News World Myanmar police charge ousted leader Aung San Suu Kyi with violating import laws

Myanmar police charge ousted leader Aung San Suu Kyi with violating import laws

Twitter Facebook Reddit Pinterest Email

Myanmar’s overthrown leader Aung San Suu Kyi has been charged with illegally importing walkie-talkie radios and using them without permission.

The 75-year-old, who was detained on Monday after Myanmar’s military took control of the government, will remain under house arrest until at least February 15 to allow for investigations to take place.

The situation is all too familiar for the democratically-elected leader.

Between 1989 and 2010, Ms Suu Kyi endured about 15 years of house arrest as she led the country’s democracy movement.

Her recent detainment has cut short a transition to democracy in a takeover that has drawn condemnation from the United States and other Western nations.

A police request to a court detailing the accusations against Ms Suu Kyi said six unregistered walkie-talkie radios had been found in a search of her home in the capital, Naypyidaw.

It said she had violated import-export laws because the radios were brought into the country illegally and used by her bodyguards without permission.

Senior General Min Aung Hlaing has put himself in charge of Myanmar after Aung San Suu Kyi’s arrest. Photo: Reuters/Soe Zeya Tun

The document reviewed on Wednesday requested Ms Suu Kyi’s detention “in order to question witnesses, request evidence and seek legal counsel after questioning the defendant”.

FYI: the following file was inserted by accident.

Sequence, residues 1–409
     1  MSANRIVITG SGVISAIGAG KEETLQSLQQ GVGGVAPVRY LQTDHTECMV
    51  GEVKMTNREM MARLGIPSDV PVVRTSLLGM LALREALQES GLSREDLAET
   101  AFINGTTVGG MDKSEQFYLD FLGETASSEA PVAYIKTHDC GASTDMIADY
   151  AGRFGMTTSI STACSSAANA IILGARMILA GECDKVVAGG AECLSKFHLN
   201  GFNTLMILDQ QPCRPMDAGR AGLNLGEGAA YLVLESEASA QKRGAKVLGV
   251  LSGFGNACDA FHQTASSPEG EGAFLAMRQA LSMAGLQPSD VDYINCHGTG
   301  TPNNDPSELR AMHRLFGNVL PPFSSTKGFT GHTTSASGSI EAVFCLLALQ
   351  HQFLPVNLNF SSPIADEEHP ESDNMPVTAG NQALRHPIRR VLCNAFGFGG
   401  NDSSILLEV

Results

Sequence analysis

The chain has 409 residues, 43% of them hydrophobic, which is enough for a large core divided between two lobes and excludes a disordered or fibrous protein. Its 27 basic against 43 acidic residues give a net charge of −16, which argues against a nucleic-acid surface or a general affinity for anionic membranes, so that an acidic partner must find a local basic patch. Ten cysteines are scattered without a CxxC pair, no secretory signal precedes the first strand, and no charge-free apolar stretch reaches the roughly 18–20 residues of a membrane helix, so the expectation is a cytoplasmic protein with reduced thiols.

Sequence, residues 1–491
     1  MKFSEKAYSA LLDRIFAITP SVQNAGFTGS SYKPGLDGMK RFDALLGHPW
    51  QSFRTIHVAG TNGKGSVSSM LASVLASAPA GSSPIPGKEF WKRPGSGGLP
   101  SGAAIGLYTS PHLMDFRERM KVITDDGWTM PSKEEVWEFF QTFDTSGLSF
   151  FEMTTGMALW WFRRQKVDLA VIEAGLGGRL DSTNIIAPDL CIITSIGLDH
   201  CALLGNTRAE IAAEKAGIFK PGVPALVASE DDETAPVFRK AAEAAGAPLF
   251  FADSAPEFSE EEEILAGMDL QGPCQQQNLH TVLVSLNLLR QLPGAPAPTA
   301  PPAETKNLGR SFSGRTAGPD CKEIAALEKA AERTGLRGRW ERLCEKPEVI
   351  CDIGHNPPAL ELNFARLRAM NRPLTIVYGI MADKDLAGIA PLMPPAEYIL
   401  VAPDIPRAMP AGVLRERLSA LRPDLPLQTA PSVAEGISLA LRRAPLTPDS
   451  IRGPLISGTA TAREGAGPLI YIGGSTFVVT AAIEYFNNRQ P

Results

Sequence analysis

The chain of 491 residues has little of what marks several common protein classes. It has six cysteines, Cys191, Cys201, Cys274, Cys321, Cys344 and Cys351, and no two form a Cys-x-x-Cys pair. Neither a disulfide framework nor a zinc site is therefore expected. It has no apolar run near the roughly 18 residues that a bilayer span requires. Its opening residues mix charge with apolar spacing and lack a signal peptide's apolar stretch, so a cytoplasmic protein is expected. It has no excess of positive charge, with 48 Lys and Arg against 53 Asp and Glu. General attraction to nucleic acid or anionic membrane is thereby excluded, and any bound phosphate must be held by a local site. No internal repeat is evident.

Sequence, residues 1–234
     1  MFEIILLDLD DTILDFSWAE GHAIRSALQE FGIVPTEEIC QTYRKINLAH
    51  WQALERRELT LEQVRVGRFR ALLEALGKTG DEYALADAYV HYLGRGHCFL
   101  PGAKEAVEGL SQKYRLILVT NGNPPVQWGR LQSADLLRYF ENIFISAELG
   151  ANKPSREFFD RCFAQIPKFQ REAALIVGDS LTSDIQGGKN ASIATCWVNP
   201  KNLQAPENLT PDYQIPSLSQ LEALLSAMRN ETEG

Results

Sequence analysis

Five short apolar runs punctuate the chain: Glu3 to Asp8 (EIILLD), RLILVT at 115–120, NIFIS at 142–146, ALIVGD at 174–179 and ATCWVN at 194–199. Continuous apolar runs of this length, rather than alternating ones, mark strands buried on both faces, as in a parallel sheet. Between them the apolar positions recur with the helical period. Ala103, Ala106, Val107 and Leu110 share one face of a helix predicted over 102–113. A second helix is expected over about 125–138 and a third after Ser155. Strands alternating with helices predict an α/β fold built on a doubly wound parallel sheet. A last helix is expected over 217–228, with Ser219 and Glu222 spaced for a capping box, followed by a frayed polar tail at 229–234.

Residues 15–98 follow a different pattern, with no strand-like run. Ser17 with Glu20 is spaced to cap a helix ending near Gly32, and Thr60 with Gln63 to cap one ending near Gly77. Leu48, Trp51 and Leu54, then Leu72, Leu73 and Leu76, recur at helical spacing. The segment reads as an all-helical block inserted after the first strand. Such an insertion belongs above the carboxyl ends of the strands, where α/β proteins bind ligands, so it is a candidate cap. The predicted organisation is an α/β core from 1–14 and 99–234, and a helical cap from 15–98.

United Nations spokesman Stephane Dujarric said the charges against Ms Suu Kyi “just compound the undermining of the rule of law in Myanmar and the democratic process”.

“We continue to call for her immediate release and the president’s immediate release and all others who have been detained by the military in the last few days,” he told reporters.

A separate police document showed police filed charges against ousted President Win Myint for offences under the Disaster Management Law.

Ms Suu Kyi remains hugely popular at home despite damage to her international reputation over the plight of Muslim Rohingya refugees in 2017.

Myanmarese residents in Japan stage a protest rally in front of the Japanese Foreign Ministry in Tokyo on February 3. Photo: AAP

Her National League for Democracy (NLD) party said earlier in a statement that its offices had been raided in several regions and urged authorities to stop what it called unlawful acts.

Army chief Min Aung Hlaing seized power on the grounds of fraud in a November 8 election, which the NLD won in a landslide.

The electoral commission has said the vote was fair.

-with AAP